As input data, we consider all the TF binding regions organized within a matrix, where each row specifies a binding region with its genomic location and the name of the bound TF. This kind of data mostly comes from ChIP-seq narrow peaks. The first four columns of an input matrix represent the genomic coordinates of each binding region (i.e., the chromosome, the start and end positions, and the strand, respectively), while an additional fifth column hosts the corresponding TF. As for genomic coordinates, we consider a 1-base inclusive coordinate system: it directly numbers every DNA base (instead of specifying coordinates that flank each base) and includes in the analysis also the extreme bases at the start and end positions of the considered regions.

Moving window

ChIP-seq experiments generate millions of short reads that are usually retained only if they match unique locations (uni-reads) once mapped to the reference genome. This practice is mostly not harmful because many uni-reads are adjacent to discarded multi-reads and allow identifying an underlying peak of a binding site [31]. Yet, this can lead to a partial underestimate of the occupancy of binding regions, which may appear sparser and with contiguous bases much less homogeneous than they really are. To face this issue, a moving window mode was used to innovatively introduce the concept of neighborhood in the search for HOT zones. During the local analysis, performed one base at a time, the accumulation value of each base is computed considering what happens not only in the base itself but also in its symmetrical neighborhood of size \(2*w\). Indeed, a moving window of semi-width w is centered on each DNA base under exam. The w value is an input parameter of this algorithm to search for dense zones; its variation offers multi-scale analyses with different resolutions in the local investigation of the binding regions.

A not-null moving window (i.e., of semi-width \(w \ne 0\)) allows capturing differences based on the chosen accumulation type, as discussed in the following “Accumulation types” section. Also, it mitigates the local discontinuities that clearly emerge in its absence, each time that consecutive bases have very different accumulation values. The smoothing effect grows as the moving window semi-width increases since the accumulation value of each base is more influenced by farther bases. Yet, too high values of w can lead to the aggregation of very distant bases and provide undesired fake artefacts on dense zones. Overall, the analysis detailed in Additional file 1: Section S1.1 indicates 1000 bases as the ideal semi-width of a moving window able to smooth local discontinuities without aggregating too far bases.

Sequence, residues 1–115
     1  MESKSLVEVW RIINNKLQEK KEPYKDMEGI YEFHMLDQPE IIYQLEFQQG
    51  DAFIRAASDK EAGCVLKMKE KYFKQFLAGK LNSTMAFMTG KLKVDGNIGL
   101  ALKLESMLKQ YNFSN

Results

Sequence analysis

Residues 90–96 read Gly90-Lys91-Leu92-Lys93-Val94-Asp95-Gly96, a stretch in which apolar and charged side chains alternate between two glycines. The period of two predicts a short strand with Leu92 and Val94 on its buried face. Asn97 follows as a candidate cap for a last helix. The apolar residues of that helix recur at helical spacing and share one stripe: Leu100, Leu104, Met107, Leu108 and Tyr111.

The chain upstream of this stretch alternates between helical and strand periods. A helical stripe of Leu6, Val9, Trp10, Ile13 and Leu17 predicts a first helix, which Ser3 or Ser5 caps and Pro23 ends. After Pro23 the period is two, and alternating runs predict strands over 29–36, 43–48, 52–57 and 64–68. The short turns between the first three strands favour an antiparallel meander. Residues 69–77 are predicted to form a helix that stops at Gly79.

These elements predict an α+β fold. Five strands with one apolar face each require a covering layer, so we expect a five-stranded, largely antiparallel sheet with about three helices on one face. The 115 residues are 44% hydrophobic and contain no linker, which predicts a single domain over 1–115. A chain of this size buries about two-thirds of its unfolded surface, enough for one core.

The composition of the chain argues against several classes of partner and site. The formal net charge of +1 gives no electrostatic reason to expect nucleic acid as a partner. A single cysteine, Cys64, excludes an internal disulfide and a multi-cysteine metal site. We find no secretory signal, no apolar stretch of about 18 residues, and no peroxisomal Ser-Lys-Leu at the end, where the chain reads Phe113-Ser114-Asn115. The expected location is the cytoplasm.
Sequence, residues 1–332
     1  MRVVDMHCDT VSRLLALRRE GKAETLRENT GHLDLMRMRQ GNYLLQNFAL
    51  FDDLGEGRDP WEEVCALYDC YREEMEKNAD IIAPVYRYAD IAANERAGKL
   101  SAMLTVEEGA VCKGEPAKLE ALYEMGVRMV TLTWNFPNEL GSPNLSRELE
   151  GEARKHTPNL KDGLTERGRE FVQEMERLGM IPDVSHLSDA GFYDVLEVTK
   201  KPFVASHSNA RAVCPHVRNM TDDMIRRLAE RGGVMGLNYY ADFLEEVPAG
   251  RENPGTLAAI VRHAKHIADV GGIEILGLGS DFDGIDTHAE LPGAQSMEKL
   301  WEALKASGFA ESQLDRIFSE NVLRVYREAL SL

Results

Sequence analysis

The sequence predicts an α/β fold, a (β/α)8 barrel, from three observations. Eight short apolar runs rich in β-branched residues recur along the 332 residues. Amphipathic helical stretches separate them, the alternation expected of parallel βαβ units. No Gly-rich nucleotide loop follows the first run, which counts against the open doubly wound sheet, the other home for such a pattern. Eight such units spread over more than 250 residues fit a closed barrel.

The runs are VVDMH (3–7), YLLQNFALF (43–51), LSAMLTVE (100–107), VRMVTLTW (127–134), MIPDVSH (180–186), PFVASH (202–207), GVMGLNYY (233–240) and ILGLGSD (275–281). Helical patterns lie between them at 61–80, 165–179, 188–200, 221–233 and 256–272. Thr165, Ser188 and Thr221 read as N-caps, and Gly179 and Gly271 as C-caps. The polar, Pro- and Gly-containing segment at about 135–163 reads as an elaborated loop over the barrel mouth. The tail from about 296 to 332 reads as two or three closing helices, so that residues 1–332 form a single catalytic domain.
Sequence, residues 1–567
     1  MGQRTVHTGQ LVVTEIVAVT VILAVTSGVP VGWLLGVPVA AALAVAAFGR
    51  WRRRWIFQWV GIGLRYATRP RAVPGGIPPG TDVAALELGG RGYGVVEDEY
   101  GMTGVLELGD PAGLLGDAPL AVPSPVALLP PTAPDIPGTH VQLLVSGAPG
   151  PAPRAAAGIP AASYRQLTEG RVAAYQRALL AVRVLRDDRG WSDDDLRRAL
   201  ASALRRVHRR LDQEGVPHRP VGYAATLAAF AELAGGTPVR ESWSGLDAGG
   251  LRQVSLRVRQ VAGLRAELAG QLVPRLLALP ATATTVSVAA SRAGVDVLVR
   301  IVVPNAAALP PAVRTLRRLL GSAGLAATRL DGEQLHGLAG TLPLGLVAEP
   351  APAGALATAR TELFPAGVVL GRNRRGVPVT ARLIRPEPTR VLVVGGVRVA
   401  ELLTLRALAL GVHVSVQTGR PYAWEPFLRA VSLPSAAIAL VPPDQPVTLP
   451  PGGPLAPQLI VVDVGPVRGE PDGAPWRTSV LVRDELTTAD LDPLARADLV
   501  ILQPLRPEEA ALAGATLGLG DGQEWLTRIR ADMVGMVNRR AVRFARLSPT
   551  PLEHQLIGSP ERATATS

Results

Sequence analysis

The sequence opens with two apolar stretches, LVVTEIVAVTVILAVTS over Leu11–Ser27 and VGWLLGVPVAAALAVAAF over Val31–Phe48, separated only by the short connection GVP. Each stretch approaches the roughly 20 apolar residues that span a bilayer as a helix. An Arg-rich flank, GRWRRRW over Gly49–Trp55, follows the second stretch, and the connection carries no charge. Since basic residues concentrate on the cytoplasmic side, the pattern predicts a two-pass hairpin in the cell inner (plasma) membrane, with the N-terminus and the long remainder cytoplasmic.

Accumulation types

The procedure computes local accumulation values, which are stored within an accumulation vector where each position refers to a specific DNA base. These values are obtained according to one of the following quantification strategies.

  1. 1

    TF accumulation returns the number of distinct input TFs that bind the considered DNA base b, or any portion of its neighborhood (of amplitude \(2 * w { + 1}\) centered on the base, if \(w > 0\)), i.e.,:

    $$\begin{aligned} TF_{acc} = \sum _{t=1}^{n_{TF}}t: \exists _{i=b-w}^{b+w} \left\{ t(i) \ne 0 \right\} \end{aligned}$$

    where \(n_{TF}\) is the number of distinct TFs, i spans all over the DNA bases in the neighborood of b and \(t(i) \ne 0\) denotes that a given TF t binds the base i.

  2. 2

    binding region accumulation returns the number of all the different input binding regions, for either new or already considered TFs, that include the examined DNA base b, or any portion of its neighborhood (if \(w > 0\)), i.e.,:

    $$\begin{aligned} BR_{acc} = \sum _{r=1}^{n_{IR}}r: \left\{ r \cap (b\pm w) \ne 0 \right\} \end{aligned}$$

    where \(n_{IR}\) is the number of distinct input binding regions, and \(r \cap (b\pm w)\) is the intersection between a given input region r and the neighborood of the base b under exam.

  3. 3

    genomic base accumulation returns the amount of DNA bases from all the different input TF binding regions that overlap the considered DNA base b, or its neighborhood (if \(w > 0\)), i.e.,:

    $$\begin{aligned} GB_{acc} = \sum _{r=1}^{n_{IR}}\sum _{d=1}^{n_{r}}d: \left\{ d \cap (b\pm w) \ne 0 \right\} \end{aligned}$$

    where \(n_{IR}\) is the number of distinct input binding regions, \(n_{r}\) is the number of bases of a given input region r, and \(d \cap (b\pm w)\) is the intersection between a single DNA base d from the input region r and the neighborood of the base b under exam.